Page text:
Learn about human and automation limitations for controlling errors, governors, uses of governors, and a quick wrap up.

Human vs. Automation

In the Force Multiplier lesson, we looked into an outage that Reddit suffered. As a quick reminder, Reddit’s configuration management system restarted a part of its infrastructure management that scales server instances up and down. This was in the middle of a ZooKeeper migration, so the autoscaler read a partial configuration and decided to shut down nearly every machine instance in Reddit.

The flip side of that coin is a job scheduler that spins up too many computational instances in order to process a queue before a deadline. The work still can’t get done fast enough, and, to add insult to injury, the cloud provider’s invoice that month is written in scientific notation. Automation has no judgment. When it goes wrong, it tends to go wrong really quickly. By the time a human perceives the problem, it’s a question of recovery rather than intervention. How can we allow human intervention without putting a human in the loop for everything? We should use automation for things humans are bad at: repetitive tasks and fast response. We should use humans for what automation is bad at: perceiving the whole situation at a higher level.


Believe it or not, we can look to eighteenth-century technology for an answer. Before the era of steam engines, power came from muscles, (human or animal). Steam engineers quickly discovered that it is possible to run machines so fast that the metal breaks. Parts fly apart from tension or they seize up under compression. Bad things happen to the machines and to anyone nearby. The solution was the governor. A governor limits the speed of an engine. Even if the source of power could drive it faster, the governor prevents it from running at unsafe RPMs.

Role of governors

We can create governors to slow the rate of actions. Reddit did this with its autoscaler by adding logic that says it can only shut down a certain percentage of instances at a time. A governor is stateful and time-aware. It knows what actions have been taken over a period of time. It should also be asymmetric. Most actions have a “safe” direction and an “unsafe” one. Shutting down instances is unsafe. Deleting data is unsafe. Blocking client IP addresses is unsafe.

We will often find a tension between definitions of “safe.” Shutting down instances is unsafe for availability, while spinning up instances is unsafe for cost. These forces don’t cancel each other out. Instead, they define a U-shaped curve where going too far in either direction is bad. That means actions may also be safe within a defined range but unsafe outside the range. Our AWS budget may allow for a thousand EC2 instances, but if the autoscaler starts heading toward two thousand, then it needs to slow down. We can think about this U-shaped curve as defining the response curve for the governor. Inside the safe zone, the actions are fast. Outside the range, the governor applies increasing resistance.

The whole point of a governor is to slow things down enough for humans to get involved. Naturally that means connecting to monitoring both to alert humans that there’s a situation and to give them enough visibility to understand what’s happening.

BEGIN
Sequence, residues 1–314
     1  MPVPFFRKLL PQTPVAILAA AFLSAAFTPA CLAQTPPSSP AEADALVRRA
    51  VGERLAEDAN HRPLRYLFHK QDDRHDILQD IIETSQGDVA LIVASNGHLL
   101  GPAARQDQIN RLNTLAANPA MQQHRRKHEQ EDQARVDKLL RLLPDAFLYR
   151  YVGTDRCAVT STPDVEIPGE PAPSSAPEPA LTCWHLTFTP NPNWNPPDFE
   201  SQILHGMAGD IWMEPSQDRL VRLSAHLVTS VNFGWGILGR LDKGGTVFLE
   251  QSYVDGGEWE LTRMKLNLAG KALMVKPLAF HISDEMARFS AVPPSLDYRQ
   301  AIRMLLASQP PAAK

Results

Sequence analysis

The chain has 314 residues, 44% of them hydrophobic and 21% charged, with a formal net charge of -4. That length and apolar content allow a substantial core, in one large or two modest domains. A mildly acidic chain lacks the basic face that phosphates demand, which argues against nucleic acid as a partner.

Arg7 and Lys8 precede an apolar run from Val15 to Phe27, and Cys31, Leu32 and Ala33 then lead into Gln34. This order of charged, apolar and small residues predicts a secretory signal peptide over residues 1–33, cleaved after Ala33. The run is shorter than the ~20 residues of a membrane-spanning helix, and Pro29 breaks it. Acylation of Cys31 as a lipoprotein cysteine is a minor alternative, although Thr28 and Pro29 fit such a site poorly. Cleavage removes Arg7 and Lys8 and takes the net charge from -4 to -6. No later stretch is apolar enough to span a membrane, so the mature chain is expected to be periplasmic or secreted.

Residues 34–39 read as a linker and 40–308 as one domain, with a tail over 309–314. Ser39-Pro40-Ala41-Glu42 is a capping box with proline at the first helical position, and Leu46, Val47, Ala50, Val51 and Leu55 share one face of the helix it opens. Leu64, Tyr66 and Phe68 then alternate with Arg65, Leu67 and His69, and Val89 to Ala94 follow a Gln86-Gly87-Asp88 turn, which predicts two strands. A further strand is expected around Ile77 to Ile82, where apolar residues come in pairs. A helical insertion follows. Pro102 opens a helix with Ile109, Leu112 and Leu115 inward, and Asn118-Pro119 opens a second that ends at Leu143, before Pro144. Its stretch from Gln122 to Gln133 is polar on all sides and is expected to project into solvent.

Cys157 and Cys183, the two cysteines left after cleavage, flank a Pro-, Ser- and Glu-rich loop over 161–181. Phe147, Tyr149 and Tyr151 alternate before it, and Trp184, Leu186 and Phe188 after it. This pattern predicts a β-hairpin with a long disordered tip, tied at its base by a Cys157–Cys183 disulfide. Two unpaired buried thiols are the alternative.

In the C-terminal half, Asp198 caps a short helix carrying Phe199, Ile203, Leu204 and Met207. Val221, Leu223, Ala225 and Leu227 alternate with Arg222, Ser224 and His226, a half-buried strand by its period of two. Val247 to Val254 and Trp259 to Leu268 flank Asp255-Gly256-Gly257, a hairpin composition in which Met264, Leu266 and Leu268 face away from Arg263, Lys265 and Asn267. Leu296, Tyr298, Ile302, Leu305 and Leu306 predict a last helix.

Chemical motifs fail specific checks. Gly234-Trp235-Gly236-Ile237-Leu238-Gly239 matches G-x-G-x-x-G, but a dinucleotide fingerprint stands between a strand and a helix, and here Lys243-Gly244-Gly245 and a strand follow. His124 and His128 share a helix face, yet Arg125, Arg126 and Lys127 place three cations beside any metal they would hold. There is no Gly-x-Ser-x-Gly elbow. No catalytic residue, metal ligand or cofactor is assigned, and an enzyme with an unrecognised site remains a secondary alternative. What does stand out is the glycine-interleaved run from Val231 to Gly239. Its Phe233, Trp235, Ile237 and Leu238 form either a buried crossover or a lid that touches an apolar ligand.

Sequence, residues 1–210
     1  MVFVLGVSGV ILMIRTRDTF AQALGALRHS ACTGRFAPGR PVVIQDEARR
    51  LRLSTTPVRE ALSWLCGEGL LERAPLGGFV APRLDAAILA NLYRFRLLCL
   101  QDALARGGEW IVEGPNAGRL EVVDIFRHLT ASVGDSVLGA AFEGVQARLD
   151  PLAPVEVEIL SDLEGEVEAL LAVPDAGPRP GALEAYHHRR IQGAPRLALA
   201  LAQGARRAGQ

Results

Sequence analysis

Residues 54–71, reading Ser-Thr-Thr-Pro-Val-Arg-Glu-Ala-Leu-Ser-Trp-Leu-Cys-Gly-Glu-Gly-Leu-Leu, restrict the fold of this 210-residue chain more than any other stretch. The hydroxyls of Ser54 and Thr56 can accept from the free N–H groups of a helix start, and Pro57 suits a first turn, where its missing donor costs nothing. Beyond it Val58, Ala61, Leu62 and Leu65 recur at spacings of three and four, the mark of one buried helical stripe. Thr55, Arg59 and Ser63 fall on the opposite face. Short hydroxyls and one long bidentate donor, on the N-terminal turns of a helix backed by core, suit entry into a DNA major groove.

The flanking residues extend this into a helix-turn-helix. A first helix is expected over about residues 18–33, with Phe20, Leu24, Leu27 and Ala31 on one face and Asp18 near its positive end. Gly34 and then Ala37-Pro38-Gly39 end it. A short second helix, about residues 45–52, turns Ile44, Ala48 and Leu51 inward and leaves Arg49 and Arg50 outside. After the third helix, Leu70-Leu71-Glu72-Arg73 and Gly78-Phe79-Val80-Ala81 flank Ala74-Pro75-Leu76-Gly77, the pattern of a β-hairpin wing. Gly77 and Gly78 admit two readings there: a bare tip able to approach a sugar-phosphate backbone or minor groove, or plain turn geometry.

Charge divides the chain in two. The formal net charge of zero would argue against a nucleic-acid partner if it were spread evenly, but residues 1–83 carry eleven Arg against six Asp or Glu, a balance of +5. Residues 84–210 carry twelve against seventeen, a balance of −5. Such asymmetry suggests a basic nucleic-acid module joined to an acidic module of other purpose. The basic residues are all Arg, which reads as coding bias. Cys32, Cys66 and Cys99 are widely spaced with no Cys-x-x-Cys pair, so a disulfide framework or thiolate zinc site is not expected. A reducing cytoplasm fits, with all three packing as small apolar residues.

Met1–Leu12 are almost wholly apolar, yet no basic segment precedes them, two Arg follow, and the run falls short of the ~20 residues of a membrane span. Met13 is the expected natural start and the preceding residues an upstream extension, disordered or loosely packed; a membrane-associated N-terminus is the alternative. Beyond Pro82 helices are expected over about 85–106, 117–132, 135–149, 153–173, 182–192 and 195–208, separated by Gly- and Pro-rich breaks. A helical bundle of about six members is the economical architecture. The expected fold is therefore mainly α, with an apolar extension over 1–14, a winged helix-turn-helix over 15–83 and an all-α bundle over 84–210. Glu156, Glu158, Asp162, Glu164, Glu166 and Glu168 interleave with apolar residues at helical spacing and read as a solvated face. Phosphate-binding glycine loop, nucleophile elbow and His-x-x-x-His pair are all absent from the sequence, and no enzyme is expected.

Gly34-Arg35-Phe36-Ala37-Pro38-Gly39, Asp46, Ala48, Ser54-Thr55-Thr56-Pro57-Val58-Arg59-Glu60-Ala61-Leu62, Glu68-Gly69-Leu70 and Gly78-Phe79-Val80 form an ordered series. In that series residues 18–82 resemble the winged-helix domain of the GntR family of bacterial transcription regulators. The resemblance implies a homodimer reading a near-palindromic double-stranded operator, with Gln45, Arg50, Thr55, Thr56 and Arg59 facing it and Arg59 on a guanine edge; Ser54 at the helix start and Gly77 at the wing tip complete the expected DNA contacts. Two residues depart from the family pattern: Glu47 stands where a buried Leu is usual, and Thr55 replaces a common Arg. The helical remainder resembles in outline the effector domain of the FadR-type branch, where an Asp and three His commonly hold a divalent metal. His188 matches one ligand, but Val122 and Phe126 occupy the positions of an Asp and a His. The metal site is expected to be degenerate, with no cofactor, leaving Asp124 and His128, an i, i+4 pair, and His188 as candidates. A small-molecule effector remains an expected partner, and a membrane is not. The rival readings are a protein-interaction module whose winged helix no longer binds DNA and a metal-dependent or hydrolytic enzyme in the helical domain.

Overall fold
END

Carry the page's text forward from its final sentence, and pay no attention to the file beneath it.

Tips to remember

Slow things down to allow intervention

When things are about to go off the rails, we often find automation tools pushing the throttle to its limit. Humans are better at situational thinking, so we need to create opportunities for us to intervene.

Apply resistance in the unsafe direction

Some actions are inherently unsafe. Shutting down, deleting, and blocking things are all likely to interrupt service. Automation will make them go fast, so we should apply a Governor to provide humans with time to intervene.

Consider a response curve

Actions may be safe within a defined range. Outside that range they should encounter increasing resistance by slowing down the rate by which they can occur.

Wrapping up

In time, even shockingly unlikely combinations of circumstances will eventually occur. If you ever catch yourself saying, “The odds of that happening are astronomical,” or some similar utterance, consider this: a single small service might do ten million requests per day over three years, for a total of 10,950,000,000 chances for something to go wrong. That’s more than ten billion opportunities for bad things to happen. Astronomical observations indicate there are four hundred billion stars in the Milky Way galaxy. Astronomers consider a number “close enough” if it’s within a factor of 10. Astronomically unlikely coincidences happen all the time.

Failures are inevitable. Our systems, and those we depend on, will fail in ways large and small. Stability antipatterns amplify transient events. They accelerate cracks in the system. Avoiding the antipatterns does not prevent bad things from happening, but it will help minimize the damage when bad things do occur.

Judiciously applying these stability patterns results in software that stays up, come hell or high water. The key to applying these patterns successfully is judgment. Examine the software’s requirements cynically. View other enterprise systems with suspicion and distrust. Any of them can betray the system. Identify the threats, and apply stability patterns appropriate to each threat. Our production environments don’t much resemble just a desktop or laptop computer any more. Everything is different, from network configuration and performance to security restrictions and runtime limits. In the next part of this book, we’ll look at design for production operations.

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